Sri explores the entire Annunciation narrative in five chapters, giving similar depth to the Visitation, Presentation, Finding in the Temple, Wedding at Cana, foot of the Cross, and appearance of the woman clothed with the sun in Revelation. There are many “aha” moments, such as how Jesus brings God’s glory back to the Temple, how this occurs 490 days after Gabriel appears to Zechariah (itself following the 490 years of Daniel’s prophecy), how Cana occurs on the seventh day of John’s Gospel to demonstrate the new creation brought by the New Adam and his mother, the New Eve, Mary’s role in Jesus’ hour of redemption, and how this role helps to explain the meaning of the imagery of the woman in labor pains in Revelation 12.

Rethinking Mary in the New Testament is a powerful and moving book with much to teach us in reading the Bible attentively and coming to know our spiritual Mother more deeply. Once again, May is the perfect moment to take it up, when the beauty that surrounds us points to our Mother, who, as the poet Hopkins writes, exceeds its beauty still:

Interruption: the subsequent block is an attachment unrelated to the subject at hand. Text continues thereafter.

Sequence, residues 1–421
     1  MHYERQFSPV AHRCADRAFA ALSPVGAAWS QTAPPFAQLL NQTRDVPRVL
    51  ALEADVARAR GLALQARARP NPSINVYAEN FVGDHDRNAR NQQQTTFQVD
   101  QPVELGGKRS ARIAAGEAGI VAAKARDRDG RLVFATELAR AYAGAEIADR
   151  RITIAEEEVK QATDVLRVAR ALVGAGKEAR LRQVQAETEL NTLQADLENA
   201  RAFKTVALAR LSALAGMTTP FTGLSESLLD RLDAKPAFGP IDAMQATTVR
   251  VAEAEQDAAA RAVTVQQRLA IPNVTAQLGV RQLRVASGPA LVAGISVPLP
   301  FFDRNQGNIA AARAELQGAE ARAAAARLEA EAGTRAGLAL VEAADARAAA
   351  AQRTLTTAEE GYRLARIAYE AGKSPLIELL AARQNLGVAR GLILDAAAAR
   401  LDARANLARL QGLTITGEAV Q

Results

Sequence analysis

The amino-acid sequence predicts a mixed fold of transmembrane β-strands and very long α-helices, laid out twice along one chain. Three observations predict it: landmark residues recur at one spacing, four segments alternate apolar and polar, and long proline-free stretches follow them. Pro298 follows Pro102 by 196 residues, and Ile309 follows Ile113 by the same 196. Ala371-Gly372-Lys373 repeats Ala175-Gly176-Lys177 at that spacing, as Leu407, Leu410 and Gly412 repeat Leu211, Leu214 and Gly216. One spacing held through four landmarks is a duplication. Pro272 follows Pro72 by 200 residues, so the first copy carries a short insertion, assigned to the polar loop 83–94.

Be thou then, O thou dear
Mother, my atmosphere;
My happier world, wherein
To wend and meet no sin;
Above me, round me lie
Fronting my froward eye
With sweet and scarless sky;
Stir in my ears, speak there

Of God’s love, O live air,
Of patience, penance, prayer:
World-mothering air, air wild,
Wound with thee, in thee isled,
Fold home, fast fold thy child.

COMING UP: The shock of forgiveness

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Every so often, the media will pick up a story that serves as a potent reminder of what it means to be a Christian. That’s because living as a Christian in today’s post-Christian society is an unusual way of living, contrary to what the rest of society might say about it. It is not “outdated.” It is not “irrelevant.” It is radical, countercultural and, to some, even incomprehensible.

On Oct. 2, the trial of Amber Guyger came to a close. Guyger, a former Dallas police officer, was charged with the murder of Botham Jean, a 26-year-old man who lived in the same apartment complex as Guyger. On Sept. 6, 2018, she walked into Jean’s apartment, thinking it was hers, saw Jean sitting there on the couch, and after giving verbal commands, shot him twice, killing him. It was an absolute tragedy and played into the ongoing national conversation about police behavior toward people of color (Guyger is white; Jean is black).

What I want to focus on is a particular moment that came at the end of Guyger’s trial, after she had been sentenced to 10 years in prison. Jean’s younger brother Brandt took to the witness stand to address his brother’s killer directly. He wasn’t planning on saying anything during the trial but changed his mind at the last minute. A prompting of the Holy Spirit? I think yes, based on what happened next.